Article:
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Wednesday, February 1, 2023

Communities of color were decisive in California recall election

Communities of color were decisive in California recall election

Polls and analysis following the California statewide recall election showed that a majority of voters in communities of color rejected Gavin Newsom's recall and even tipped the scales for his continued tenure. 

According to Raphael Sonenshein, director of the Pat Brown Institute for Public Affairs at California State LA, one of the problems seen in this election was that some media outlets presented national polls that did not really represent communities of color.

He even said, during a meeting convened by Ethnic Media ServicesIn a recent report, media outlets indicated that a majority of Latinos would vote to recall the governor, so understanding voters is the first step in reversing the terrible syndrome of the media jumping to conclusions that can change the views of the rest of the electorate.

"We need to get better data in polls that are greener, that is, that are actually useful, that are done in the neighborhoods where the voters live; also, to have reliable, larger samples than the ones that are done nationally to show much more reliably the community."

He also added that many times the media presents the statement of the "typical" voter in some community, however, there is nothing typical about the elections or the voters, and in most cases the polls do not reflect the reality of the entire population.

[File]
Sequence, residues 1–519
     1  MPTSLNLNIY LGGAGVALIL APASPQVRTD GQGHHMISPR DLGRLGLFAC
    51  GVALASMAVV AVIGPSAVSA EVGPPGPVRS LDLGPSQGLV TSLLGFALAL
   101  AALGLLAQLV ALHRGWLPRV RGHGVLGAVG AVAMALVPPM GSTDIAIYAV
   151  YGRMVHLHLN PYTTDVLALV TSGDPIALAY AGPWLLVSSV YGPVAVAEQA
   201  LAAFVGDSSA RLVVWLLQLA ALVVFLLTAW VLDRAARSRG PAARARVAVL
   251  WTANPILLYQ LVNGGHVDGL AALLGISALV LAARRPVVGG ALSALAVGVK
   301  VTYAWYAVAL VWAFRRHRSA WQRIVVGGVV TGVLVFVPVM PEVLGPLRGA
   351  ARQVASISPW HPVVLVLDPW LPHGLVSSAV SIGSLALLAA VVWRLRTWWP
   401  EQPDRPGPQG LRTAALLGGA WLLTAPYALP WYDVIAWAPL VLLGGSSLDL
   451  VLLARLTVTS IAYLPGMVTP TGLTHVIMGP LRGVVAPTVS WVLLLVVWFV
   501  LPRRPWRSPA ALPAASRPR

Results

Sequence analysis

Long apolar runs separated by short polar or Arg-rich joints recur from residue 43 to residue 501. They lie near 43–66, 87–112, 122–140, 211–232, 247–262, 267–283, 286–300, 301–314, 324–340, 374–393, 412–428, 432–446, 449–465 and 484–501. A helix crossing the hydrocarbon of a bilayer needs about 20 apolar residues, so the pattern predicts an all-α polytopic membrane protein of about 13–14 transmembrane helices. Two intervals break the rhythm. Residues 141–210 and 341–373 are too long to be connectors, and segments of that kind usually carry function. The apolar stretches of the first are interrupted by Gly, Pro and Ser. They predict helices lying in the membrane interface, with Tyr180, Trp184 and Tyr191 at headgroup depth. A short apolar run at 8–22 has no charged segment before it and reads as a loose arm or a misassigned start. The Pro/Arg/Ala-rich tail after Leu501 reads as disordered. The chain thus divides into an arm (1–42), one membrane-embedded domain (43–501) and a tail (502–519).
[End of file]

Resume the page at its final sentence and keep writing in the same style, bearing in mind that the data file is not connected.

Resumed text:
"You have to break free from the narrative that is manipulated by a small, fairly large, national polling group who are creating a very negative consequence for the interpretation of the behavior of communities of color."

Radiography of the vote in Latino communities in California

Sonja Diaz, founder and director of the UCLA Latino Politics and Policy Initiative, said Latinos make their decision much closer to Election Day, meaning they prefer to vote in a much more traditional way than other voters. 

"In terms of mobilization and participation, there is still an opportunity to knock on their doors to talk to them about voting during the last week before the election," he added, and they may even change their vote depending on how important the outcome of the election is.

For example, he explained that in Los Angeles County, 83 percent of Latinos voted against recall. In precincts with the highest concentrations of Latinos, 77 percent were against recall; while in places with the lowest concentrations of Latinos, 47 percent were against recall.

In counties such as Madera, where there is a lower concentration of Latinos, the anti-repeal results were lower, while the Bay Area had the highest results, such as Contra Costa (88%), San Francisco (82%) and San Mateo (77%).   

He also commented that if Latinos had not voted it is very likely that the elections would not have been so clear, since Latinos were against the recall, and this decision was not due to the campaigns of one party or another, but to the mobilization of civil society.

Asian and African American communities with large participation